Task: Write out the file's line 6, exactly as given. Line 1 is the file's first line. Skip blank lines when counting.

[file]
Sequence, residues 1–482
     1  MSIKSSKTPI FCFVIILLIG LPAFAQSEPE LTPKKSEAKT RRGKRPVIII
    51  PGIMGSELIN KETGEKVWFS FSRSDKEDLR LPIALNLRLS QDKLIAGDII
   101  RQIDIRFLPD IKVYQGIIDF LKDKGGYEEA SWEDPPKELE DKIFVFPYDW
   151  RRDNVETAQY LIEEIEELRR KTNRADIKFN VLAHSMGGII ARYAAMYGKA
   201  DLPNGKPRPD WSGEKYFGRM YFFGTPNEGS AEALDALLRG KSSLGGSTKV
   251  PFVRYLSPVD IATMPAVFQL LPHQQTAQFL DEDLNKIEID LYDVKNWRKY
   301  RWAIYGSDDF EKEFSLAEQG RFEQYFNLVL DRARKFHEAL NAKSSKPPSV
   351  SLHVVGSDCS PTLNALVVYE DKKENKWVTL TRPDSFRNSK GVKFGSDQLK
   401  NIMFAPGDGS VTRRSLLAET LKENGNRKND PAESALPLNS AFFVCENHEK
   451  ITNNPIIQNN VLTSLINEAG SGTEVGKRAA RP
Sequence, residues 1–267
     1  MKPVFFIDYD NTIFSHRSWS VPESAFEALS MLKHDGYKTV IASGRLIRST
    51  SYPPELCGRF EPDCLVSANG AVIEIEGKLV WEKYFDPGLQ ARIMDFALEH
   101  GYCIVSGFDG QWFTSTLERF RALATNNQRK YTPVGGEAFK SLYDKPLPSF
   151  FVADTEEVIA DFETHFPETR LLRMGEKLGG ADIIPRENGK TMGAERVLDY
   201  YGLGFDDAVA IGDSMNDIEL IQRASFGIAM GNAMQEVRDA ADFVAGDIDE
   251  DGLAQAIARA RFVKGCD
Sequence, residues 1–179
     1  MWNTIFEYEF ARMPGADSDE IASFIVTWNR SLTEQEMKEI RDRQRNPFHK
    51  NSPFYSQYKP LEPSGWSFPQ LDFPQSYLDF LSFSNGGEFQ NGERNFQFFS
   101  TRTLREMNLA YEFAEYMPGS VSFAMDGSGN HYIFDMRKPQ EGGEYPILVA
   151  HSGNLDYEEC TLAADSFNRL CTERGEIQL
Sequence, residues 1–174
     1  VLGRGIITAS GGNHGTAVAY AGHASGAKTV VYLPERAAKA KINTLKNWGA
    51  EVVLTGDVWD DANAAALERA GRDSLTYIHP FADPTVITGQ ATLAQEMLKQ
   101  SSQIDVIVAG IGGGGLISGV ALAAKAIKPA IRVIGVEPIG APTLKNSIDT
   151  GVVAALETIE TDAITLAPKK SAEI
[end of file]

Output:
   201  DLPNGKPRPD WSGEKYFGRM YFFGTPNEGS AEALDALLRG KSSLGGSTKV